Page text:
Northwest Continuum of Care awarded $1.4 million

The Northwest Continuum of Care has been awarded nearly $1.4 million by the U.S. Department of Housing and Urban Development through its 2021 funding opportunity.

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BEMIDJI — The Northwest Continuum of Care has been awarded nearly $1.4 million by the U.S. Department of Housing and Urban Development through its 2021 funding opportunity.

The NWCoC is a regional planning body comprised of stakeholders throughout northwest Minnesota who share a commitment to ending homelessness in our region. The Northwest Minnesota Foundation serves as the collaborative applicant for the NWCoC, though strategic thrusts and decisions are made by its own, separate NWCoC board.

According to a release, the funding awarded by HUD to the NWCoC will support numerous projects throughout northwest Minnesota, including:

  • $240,810 to Bi-County Community Action Program to provide supportive housing to individuals and families experiencing homelessness, including a project dedicated to serving indigenous populations.
  • $107,034 to Evergreen Youth and Family Services to provide supportive housing for youth ages 16 to 24.
  • $24,287 to support the Minnesota Homeless Management Information System to collect information to evaluate key system performance measures and monitor overall homeless response system improvements.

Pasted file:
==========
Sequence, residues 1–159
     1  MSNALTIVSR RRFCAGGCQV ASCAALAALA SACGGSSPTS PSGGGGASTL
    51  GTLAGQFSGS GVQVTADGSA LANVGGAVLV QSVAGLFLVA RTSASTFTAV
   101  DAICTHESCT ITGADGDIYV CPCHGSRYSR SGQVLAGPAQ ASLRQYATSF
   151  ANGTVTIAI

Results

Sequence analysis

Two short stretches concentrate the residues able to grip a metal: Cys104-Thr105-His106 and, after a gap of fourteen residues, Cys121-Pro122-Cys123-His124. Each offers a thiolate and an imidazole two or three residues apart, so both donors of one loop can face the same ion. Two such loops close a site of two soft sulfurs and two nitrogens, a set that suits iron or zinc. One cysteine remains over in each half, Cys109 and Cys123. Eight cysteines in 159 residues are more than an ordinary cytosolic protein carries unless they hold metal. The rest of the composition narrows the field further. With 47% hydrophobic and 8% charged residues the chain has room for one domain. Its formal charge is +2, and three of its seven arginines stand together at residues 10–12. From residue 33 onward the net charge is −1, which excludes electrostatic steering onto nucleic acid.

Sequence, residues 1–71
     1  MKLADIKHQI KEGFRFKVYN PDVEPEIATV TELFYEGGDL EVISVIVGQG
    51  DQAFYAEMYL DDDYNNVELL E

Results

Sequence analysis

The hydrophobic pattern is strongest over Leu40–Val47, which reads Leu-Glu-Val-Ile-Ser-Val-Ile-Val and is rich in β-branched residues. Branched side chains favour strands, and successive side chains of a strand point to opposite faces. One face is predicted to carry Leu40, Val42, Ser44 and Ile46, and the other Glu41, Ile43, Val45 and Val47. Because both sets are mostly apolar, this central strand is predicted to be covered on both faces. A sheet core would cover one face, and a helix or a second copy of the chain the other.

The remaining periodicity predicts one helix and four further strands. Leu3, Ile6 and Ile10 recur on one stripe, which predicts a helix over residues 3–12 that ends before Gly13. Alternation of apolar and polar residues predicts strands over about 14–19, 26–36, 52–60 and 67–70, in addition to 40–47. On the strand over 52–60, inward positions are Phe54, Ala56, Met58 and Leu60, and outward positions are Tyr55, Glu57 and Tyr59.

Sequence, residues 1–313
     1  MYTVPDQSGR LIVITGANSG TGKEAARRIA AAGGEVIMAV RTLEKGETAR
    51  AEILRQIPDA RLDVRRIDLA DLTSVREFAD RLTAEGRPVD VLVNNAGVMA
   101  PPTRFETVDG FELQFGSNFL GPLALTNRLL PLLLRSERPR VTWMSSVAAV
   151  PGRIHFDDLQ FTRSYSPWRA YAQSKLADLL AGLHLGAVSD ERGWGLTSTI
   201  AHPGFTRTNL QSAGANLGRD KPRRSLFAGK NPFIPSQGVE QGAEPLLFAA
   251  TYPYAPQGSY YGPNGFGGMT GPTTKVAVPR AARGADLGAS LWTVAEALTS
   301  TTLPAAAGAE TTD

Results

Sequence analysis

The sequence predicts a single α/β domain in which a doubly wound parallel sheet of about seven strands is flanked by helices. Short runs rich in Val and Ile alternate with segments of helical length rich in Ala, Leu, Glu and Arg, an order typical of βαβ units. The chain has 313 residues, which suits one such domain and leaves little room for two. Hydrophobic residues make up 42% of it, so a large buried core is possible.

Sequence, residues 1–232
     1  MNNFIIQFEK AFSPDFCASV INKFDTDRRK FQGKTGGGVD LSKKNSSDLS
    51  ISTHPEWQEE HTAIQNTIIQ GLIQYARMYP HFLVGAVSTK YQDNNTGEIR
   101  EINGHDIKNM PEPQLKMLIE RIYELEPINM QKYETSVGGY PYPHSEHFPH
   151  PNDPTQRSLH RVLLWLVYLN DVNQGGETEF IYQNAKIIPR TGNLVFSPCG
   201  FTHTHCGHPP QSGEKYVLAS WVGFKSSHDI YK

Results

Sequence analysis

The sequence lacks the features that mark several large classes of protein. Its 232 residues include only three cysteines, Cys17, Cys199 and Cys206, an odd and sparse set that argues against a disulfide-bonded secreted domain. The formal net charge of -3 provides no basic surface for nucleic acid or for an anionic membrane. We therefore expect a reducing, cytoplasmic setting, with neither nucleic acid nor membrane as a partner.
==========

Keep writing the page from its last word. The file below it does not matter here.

• $442,892 to Inter-County Community Council to provide supportive housing; of this, $400,000 is dedicated to serving youth aged 16 to 24 across 11 of the 12 counties in northwest Minnesota.
  • $202,275 for the Northwest Indian Community Development Center to provide a culturally informed supportive housing program for youth aged 16 to 24. 
  • $38,770 to Northwest Minnesota Foundation, for NWCoC planning. 
  • $216,133 to Tri-Valley Opportunity Council to provide supportive housing, including a project dedicated to serving people fleeing intimate partner violence. 
  • $123,625 to Violence Intervention Project to provide supportive housing to people feeling intimate partner violence.

The funds were awarded through HUD’s 2021 Notice of Funding Opportunity. The NWCoC received funding for all of its requested projects, including one new project to support the Violence Intervention Project in Thief River Falls. That request was funded at about 80%.
“This is great news, an excellent outcome for our region and our NWCoC partners,” said Cory Boushee, a program officer who leads the Homelessness program at NMF and serves as the coordinator for the NWCoC. “The NWCoC is committed to its ultimate goal of ending homelessness in our region by quickly rehousing homeless individuals and families, promoting access to resources and benefits, and fostering stability and self-sufficiency for individuals and families. These funds will support us in carrying out this mission.”

To learn more about the NWCoC, visit

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